Home > GHUnit, iPhone, Open Source, Testing > GHUnit: Writing Custom Assert Macros

GHUnit: Writing Custom Assert Macros

When I evaluated unit testing frameworks for iPhone development, One of the reasons why I chose GHUnit was that it has more sophisticated Assert Macros than other available frameworks. Despite this fact, there are still some Asserts that I missed, so I simply took the time to write my own.

Unlike test frameworks in the .NET or Java ecosystem, all Objective-C Frameworks provide preprocessor macros to realize assertions instead of providing a static class with Assert methods. A typical assert macro looks like the following:


#define GHAssertEquals(a1, a2, description, ...) \
do { \
	@try {\
		if (@encode(__typeof__(a1)) != @encode(__typeof__(a2))) { \
			[self failWithException:[NSException ghu_failureInFile:@"Type mismatch"...]; \
		} else { \
			if (![a1encoded isEqualToValue:a2encoded]) { \
				[self failWithException:[NSException ghu_failureInEqualityBetweenValue...]; \
			} \
		} \
	} \
	@catch (id anException) {\
		[self failWithException:[NSException ghu_failureInRaise...]; \
	}\
} while(0)

The body of the macro consists of a do{} while(false) loop, which is used to provide local scope for variables needed to implement the assertion. It is clear that code executed only once, even though a loop construct is used. The macro first checks necessary preconditions, in this case argument types. This is necessary due to the nature of a macro being a simple text substitution rather than a true method call that the compiler checks argument types for (that’s why I don’t like assertions being implemented as macros but would rather like to see assert methods). Next is the actual assertion. The type check and the actual assertion are both wrapped in a try{} catch(){} block, so any errors occurring in the macro code let the test fail also (a real macro would have a lot of code for preparing exception descriptions etc.).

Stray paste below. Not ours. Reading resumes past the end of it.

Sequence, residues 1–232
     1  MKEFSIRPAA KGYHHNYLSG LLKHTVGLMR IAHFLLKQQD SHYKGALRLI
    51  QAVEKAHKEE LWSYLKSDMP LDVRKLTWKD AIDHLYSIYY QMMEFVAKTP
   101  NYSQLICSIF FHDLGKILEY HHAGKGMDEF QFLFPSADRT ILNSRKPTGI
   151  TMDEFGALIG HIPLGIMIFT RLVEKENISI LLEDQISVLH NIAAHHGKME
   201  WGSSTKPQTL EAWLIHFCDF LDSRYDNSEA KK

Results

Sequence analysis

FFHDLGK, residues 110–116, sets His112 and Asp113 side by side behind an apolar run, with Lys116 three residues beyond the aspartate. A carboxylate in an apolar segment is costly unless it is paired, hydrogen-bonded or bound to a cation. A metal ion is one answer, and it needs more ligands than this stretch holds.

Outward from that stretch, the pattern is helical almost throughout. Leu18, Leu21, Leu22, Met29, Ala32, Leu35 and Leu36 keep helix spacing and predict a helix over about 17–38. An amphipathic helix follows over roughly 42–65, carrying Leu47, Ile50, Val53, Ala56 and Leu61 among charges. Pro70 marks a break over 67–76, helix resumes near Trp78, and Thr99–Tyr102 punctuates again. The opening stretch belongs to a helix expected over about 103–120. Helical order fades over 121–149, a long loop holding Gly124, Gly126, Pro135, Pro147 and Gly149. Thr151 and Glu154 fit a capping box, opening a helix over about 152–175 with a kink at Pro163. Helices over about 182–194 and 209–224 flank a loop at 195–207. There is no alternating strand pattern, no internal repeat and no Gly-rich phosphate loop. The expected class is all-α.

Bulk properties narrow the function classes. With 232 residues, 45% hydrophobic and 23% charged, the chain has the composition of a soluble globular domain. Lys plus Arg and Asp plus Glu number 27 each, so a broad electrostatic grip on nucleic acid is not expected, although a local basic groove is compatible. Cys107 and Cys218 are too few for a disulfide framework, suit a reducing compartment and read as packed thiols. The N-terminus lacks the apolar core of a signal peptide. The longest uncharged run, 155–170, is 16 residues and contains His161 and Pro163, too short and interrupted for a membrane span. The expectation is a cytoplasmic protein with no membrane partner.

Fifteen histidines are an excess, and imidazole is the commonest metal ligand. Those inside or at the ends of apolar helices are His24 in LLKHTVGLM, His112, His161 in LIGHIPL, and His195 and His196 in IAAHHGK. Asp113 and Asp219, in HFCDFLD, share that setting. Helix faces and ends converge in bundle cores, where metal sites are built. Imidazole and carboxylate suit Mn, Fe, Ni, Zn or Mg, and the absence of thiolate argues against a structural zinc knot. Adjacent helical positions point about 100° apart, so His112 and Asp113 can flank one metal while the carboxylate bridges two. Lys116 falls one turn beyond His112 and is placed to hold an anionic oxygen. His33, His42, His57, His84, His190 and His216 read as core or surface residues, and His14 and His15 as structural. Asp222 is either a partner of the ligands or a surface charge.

I consider the GHUnit macros as a very useful set of primitve’s that can be combined to construct more complicated assertions:


#define GHFileAssertNotEmpty(file) \
do { \
	GHAssertTrue([[NSFileManager defaultManager] fileExistsAtPath:file], nil); \
	NSString* written = [NSString stringWithContentsOfFile:file]; \
	GHAssertNotNil(written, nil); \
	GHAssertGreaterThan((int)[written length], 0, nil); \
} while (0)

Note that I don’t need to take care of all the nasty details that are needed to write a proper primitive macro as outlined above. The only disadvantage with a macro like the one above is localizing the failed assertion, as the exception thrown might not be directly obvious from the code using the macro. It is not a real disadvantage of the method itself but rather inherent to all macros. XCode right-click Jump to Definition comes to the rescue here.

Advertisements
Categories: GHUnit, iPhone, Open Source, Testing
  1. No comments yet.
  1. No trackbacks yet.

Leave a Reply

Fill in your details below or click an icon to log in:

WordPress.com Logo

You are commenting using your WordPress.com account. Log Out / Change )

Twitter picture

You are commenting using your Twitter account. Log Out / Change )

Facebook photo

You are commenting using your Facebook account. Log Out / Change )

Google+ photo

You are commenting using your Google+ account. Log Out / Change )

Connecting to %s

%d bloggers like this: